step-by-step: ssh on OSX, Ubuntu and Windows

This is an add-on to part 4 of my DVCS – blogseries: – working with remote repositories of Git and Mercurial. There are already step-by-step instrcutions to install Git and to install Mercury.

Accessing a remote Repository it’s a good practice to use ssh. SSH (Secure Shell) is a protocol for creating a secure connection between two computers. SSH provides authentication and encryption.

Eclipse SSH2: the easy way to ssh and generating keys

If you skip the commandline – part and scroll down to the last part “Eclipse Preferences SSH2” you’ll see that you can use ssh and also generate key-pairs from inside eclipse without the need of a commandline. This makes life much easier – esp. if you’re working on windows  and only using Git.

Unfortunately at the moment only EGit uses Eclipse-SSH2 – would be great if HgEclipse could use it too – would greatly simplify work on Windows. (Issue 10582)

If you’re using Mercurial under Windows or your workflows are missing some functions from EGit or HgEclips, then you need to work from commandline, too.

On the other side it’s always a good idea to know what happens behind the scenes, so I recommend (at least for one person of your development team) to go to the process and try making all from the commandline. You’ll have a better feeling what happens using EGit and HgEclipse and you’ll be very thankful to the developers of EGit and HgEclipse making your life easier.

In part 6 from my blogseries I’ll describe some usual workflows while using a DVCS – and I’ll always try to find ways without the need switching to the commandline.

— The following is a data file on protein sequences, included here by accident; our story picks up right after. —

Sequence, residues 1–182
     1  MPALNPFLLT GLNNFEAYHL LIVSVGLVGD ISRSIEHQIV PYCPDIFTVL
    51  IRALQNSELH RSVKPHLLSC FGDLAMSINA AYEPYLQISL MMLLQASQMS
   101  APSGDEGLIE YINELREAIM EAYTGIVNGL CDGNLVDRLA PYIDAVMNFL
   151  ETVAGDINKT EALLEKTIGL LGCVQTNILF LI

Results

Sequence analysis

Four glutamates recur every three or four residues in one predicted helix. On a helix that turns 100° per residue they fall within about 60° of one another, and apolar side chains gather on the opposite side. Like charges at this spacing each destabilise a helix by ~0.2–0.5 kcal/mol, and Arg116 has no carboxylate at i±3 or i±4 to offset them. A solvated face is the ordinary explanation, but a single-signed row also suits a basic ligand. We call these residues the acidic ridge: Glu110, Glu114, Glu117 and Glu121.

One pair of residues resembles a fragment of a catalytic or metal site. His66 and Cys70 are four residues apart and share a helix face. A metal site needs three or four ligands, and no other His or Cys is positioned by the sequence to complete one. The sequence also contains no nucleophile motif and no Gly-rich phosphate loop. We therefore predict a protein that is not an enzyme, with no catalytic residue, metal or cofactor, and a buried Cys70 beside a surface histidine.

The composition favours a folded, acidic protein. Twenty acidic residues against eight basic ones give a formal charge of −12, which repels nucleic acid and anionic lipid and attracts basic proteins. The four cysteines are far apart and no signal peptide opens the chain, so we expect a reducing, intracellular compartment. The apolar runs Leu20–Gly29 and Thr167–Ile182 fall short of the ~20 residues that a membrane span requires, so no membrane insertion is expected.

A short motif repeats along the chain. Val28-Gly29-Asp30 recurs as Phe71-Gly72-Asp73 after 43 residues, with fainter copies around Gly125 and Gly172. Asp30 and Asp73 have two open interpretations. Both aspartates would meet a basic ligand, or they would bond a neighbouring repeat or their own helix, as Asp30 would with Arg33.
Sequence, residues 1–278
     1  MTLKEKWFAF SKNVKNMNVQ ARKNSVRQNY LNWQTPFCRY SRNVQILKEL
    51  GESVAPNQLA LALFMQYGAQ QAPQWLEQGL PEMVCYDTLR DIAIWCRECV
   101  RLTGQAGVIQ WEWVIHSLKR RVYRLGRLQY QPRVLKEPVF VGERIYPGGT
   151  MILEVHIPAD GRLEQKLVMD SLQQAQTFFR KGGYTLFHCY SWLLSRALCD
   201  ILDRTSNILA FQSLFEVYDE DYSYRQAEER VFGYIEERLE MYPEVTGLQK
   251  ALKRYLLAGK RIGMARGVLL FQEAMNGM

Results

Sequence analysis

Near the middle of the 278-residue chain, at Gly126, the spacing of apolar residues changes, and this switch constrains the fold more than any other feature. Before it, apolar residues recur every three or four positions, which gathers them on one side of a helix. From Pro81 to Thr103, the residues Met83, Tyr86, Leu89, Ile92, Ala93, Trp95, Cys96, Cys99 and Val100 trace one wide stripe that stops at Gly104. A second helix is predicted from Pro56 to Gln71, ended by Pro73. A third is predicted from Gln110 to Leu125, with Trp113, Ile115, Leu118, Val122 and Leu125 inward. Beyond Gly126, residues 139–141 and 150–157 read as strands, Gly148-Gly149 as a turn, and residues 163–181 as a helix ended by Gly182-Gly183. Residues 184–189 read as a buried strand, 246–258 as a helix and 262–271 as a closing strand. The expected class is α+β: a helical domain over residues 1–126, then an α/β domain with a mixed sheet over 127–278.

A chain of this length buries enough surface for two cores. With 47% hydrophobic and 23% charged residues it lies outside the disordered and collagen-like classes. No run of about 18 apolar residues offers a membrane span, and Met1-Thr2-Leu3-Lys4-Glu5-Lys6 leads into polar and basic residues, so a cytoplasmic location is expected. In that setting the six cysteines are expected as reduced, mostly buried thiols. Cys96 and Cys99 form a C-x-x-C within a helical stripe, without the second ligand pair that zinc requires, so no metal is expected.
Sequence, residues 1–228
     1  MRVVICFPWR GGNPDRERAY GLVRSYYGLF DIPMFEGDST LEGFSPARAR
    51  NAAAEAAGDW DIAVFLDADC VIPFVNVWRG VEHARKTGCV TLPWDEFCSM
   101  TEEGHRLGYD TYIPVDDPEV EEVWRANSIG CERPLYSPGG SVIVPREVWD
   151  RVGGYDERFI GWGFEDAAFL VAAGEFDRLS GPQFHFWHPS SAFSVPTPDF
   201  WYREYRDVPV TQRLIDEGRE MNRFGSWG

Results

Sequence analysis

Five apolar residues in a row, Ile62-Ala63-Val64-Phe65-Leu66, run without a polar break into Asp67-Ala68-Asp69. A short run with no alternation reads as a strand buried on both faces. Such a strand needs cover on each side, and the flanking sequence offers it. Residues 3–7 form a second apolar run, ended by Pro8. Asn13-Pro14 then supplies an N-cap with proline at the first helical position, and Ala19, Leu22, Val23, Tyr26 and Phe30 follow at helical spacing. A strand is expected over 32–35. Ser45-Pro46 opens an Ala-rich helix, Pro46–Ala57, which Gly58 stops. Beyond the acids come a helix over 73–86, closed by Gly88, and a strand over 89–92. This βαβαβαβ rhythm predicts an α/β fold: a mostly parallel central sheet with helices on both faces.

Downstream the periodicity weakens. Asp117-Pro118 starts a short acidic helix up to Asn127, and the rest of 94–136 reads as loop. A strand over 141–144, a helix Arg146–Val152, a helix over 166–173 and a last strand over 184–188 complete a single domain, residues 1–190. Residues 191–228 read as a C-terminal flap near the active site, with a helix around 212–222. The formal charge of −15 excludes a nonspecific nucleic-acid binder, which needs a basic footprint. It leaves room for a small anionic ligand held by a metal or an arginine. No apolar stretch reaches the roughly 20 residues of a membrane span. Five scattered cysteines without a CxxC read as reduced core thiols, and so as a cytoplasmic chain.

configuration of ssh (commandline)

I read many blogs and documentation and it seems that there are many ways to have success with ssh where others fail. So I cannot guarantee that the way how I’m doing it works for you, too. Please comment if there are better ways or if something doesn’t work for you.

On OSX and Ubuntussh” should be installed by default. A simple test from your commandline to see if ssh is installed, type “ssh“:

Unfortunately ssh on Windows isn’t so easy – I read many blogs and here are my ways to do it now. (If someone knows better or easier ways to use ssh with Git and Mercurial on Windows, feel free to comment)

If you have installed Git using msysGit on Windows (explained in part1 of my blog series and this step-by-step-addon), then you’ll have “GitBash“. Please execute

…then type “ssh” and you’ll see that “ssh” is part of “GitBash“:

If you only use Git on Windows, then “msysGit” gave you all you need and ssh should work well. But if you want to work also with Mercurial on Windows using “ssh“, you cannot use the “ssh” provided by “GitBash” for both.

Unfortunately the Mercury windows installation doesn’t provide “ssh” like msysGit AFAIK. To integrate “ssh” into Mercurial workflows on windows, one way is to use “Putty“. Here’s some documentation from Mercurial: AccessingSshRepositoriesFromWindows and Bitbucket: Using ssh.